And another photo of the beautiful buttercup meadow.
Edith and her family moved from the Dorridge/Knowle area in 1905 to a house which they rented in Kineton Green Road, Olton where she lived until 1911. They called the house Gowan Bank. At the time there were only four houses in the road and looking at an OS Map from 1901/02 the house was surrounded by fields and country lanes. Today Kineton Green Road has hundreds of houses and is surrounded by housing development.
Moth numbers are slowly improving especially over the last two trapping sessions with warmer overnight temperatures. All were trapped in my 15w Actinic Skinner Trap
Monday, 10th June
2089 Heart and Dart (Agrotis exclamationis) x 2 (New For Year)
1834 Common Pug (Eupithecia vulgata) x 2
Heart and Dart
The dark mark (which always reminds me of the silhouette of a flying bird) on the patagia helps distinguish Heart and Dart from female Heart and Club
Saturday, 15th June
1920 Scalloped Hazel (Odontopera bidentata) x 1 (New for Year)
2089 Heart and Dart (Agrotis exclamationis) x 3
2334 Rustic Shoulder knot (Apamea sordens) x 1 (New for Year
I really am not 100 per cent sure about this moth. Is it a worn Heart and Dart? (couldn't really see a dark facial mark)
Rustic Shoulder knot
Sunday, 16th June
0656 Tachystola acroxantha x 1
1428 Bee Moth (Aphomia sociella) x 1 (New for Year)
1764 Common Marbled Carpet (Chloroclysta truncata) x 1 (New for Year
2089 Heart and Dart (Agrotis exclamationis) x 2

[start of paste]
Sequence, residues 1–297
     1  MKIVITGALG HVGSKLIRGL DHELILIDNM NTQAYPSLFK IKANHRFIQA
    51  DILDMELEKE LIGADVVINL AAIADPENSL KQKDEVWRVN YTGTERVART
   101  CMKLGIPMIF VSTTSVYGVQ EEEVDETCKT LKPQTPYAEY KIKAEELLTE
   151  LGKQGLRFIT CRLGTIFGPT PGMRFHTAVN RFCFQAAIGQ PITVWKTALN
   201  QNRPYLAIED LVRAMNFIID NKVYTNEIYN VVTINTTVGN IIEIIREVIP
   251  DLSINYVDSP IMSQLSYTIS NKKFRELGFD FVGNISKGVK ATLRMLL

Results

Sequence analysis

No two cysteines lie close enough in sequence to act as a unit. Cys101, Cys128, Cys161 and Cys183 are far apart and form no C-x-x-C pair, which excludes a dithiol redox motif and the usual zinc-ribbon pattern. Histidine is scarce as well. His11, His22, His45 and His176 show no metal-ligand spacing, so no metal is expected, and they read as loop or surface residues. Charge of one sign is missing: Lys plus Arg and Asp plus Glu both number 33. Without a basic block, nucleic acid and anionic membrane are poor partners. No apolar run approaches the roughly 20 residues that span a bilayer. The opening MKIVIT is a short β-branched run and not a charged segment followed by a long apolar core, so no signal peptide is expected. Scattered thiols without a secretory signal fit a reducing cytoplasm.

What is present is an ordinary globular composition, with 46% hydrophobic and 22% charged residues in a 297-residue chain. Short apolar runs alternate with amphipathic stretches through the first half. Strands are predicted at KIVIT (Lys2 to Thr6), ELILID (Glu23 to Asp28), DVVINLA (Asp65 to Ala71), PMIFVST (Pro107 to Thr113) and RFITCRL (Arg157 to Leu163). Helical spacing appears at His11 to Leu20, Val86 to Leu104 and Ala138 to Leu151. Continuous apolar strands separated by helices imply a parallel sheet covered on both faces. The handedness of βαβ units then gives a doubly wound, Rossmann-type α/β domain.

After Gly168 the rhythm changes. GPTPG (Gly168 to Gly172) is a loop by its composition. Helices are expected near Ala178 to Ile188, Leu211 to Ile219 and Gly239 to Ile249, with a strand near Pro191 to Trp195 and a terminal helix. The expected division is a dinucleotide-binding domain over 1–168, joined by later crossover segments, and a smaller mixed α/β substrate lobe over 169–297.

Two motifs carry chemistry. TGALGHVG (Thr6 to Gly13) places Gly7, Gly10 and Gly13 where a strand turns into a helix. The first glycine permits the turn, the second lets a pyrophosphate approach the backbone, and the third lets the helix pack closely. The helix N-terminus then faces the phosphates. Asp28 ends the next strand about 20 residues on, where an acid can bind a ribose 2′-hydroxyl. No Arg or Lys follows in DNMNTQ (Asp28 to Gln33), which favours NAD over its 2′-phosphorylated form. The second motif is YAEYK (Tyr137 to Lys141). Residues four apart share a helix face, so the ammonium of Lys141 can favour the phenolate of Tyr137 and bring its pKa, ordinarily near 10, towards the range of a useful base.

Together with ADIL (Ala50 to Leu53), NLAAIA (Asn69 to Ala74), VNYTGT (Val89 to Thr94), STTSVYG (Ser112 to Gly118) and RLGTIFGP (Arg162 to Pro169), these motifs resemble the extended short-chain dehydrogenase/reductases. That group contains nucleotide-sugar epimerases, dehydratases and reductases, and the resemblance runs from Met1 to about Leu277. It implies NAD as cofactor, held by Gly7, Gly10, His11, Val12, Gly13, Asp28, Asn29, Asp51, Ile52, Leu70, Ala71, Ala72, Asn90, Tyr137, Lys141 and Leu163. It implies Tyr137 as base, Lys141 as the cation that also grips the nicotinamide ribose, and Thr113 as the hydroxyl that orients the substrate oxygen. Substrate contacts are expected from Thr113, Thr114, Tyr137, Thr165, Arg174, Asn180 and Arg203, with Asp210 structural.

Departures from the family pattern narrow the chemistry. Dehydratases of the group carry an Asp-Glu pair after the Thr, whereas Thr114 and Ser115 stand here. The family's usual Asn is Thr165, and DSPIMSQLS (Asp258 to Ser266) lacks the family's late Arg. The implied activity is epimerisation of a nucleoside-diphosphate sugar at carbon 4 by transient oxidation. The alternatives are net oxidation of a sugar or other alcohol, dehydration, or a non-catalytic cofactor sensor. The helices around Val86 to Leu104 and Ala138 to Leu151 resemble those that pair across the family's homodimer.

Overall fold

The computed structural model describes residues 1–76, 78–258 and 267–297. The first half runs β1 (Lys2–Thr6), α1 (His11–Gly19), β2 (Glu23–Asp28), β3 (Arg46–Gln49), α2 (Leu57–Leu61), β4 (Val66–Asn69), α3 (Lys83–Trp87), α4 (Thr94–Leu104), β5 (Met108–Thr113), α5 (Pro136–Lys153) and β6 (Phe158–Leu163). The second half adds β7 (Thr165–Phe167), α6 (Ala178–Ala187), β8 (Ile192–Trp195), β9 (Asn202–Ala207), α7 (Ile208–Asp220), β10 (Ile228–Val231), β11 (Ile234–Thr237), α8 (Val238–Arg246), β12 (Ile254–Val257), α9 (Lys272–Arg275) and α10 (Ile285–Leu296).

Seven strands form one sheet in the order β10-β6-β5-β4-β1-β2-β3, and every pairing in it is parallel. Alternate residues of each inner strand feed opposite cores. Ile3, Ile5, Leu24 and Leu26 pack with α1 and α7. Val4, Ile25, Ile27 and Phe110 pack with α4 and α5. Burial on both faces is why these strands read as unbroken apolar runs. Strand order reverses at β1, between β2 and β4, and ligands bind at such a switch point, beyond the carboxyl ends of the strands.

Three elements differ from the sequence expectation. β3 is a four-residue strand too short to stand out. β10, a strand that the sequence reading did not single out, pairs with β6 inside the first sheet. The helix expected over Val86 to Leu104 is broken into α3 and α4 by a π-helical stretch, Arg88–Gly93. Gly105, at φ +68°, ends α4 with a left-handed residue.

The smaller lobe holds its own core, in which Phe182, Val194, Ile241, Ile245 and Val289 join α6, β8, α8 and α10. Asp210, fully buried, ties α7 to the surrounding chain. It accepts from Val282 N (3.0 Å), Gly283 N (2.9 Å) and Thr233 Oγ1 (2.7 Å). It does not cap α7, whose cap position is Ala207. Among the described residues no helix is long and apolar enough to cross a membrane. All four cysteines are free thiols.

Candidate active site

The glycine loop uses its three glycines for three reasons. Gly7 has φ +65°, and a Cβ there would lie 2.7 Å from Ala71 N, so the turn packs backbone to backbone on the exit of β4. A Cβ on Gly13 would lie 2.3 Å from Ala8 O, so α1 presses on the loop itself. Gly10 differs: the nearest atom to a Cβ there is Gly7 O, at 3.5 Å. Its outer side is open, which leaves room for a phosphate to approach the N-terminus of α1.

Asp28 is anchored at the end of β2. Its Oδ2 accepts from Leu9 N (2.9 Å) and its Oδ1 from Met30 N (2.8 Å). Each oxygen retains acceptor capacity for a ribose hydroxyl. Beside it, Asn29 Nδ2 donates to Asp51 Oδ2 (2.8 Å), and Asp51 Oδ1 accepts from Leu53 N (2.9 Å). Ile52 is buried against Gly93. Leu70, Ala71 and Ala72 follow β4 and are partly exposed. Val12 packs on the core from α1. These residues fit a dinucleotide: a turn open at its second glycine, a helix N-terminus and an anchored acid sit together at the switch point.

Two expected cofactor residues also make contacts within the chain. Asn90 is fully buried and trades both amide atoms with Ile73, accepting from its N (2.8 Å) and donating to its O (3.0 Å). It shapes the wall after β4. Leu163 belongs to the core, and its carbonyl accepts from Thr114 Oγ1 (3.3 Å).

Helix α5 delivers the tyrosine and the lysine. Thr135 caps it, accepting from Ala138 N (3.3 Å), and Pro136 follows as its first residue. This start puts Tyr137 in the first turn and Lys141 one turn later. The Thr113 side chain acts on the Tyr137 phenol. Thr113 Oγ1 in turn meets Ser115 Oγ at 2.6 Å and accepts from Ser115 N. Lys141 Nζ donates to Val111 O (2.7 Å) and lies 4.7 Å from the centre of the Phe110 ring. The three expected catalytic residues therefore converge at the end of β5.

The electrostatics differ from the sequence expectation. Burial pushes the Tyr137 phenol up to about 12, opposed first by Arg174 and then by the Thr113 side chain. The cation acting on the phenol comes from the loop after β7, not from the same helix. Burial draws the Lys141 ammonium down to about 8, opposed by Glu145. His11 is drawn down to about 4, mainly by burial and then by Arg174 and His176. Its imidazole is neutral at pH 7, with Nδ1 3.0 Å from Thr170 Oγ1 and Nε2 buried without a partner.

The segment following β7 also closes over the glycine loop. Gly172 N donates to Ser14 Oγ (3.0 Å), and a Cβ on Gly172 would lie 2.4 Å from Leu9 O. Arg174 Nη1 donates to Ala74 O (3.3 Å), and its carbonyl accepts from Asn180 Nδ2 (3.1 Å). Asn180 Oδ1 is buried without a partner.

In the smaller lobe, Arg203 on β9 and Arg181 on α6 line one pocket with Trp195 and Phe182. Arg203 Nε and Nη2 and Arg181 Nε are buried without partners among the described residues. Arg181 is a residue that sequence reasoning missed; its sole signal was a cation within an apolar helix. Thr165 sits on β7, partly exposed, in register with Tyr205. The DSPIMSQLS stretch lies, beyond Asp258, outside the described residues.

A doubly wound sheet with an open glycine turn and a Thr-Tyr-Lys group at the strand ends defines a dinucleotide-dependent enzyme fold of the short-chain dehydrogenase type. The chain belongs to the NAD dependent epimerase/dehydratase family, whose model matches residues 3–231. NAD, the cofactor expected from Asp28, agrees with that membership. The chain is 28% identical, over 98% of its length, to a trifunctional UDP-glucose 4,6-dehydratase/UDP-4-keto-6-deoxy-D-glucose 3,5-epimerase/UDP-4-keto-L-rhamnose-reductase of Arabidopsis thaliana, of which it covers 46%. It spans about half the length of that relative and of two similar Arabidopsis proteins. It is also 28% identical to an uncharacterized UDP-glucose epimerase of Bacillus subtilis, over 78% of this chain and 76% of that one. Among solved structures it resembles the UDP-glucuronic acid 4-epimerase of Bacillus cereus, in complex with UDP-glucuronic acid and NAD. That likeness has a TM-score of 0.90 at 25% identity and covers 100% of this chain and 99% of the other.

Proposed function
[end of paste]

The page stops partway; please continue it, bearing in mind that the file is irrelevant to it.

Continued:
1834 Common Pug (Eupithecia vulgata) x 2
Common Marbled Carpet
Tuesday 18th June
0998 Light Brown Apple Moth (Epiphyas postvittana) x 4
1906 Brimstone Moth (Opisthograptis luteolata) x 4
2089 Heart and Dart (Agrotis exclamationis) x 3
1776 Green Carpet (Colostygia pectinatasia) x 2 (New for year AND New for Garden)
2301 Bird's Wing (Dypterygia scabriuscula) x 1 (New for Year)
2060 White Ermine (Spilosoma lubricipeda) x 1 (New for Year)
1334 Scoparia ambigualis ??? x 1 (would be New for Garden)
Green Carpet - I have longed to catch one of these beautiful moths and I trapped two although the other individual was quite worn. This species shows how moths can be just as colourful as butterflies I think!!
Brimstone Moth - dreadful photo but this species is very lively and even after chilling for a few hours in the fridge (this does not hurt moths by the way just makes them more docile) it tried to escape as soon as I emptied it out of the pot.
Bird's Wing - another moth with lovely markings. I have only trapped this species once before.
White Ermine - one of the "teddy bears" of the moth world and you can see how it gets its name.
I think the moth in the photo below is probably the micro Scoparia ambigualis??
Please feel free to comment on any of the above identifications especially if I am wrong!!!Sorry again for lack of italics for scientific names - still can't get them to work!!!
I felt the need to "escape" for a while today so decided to visit Brandon Marsh Nature Reserve.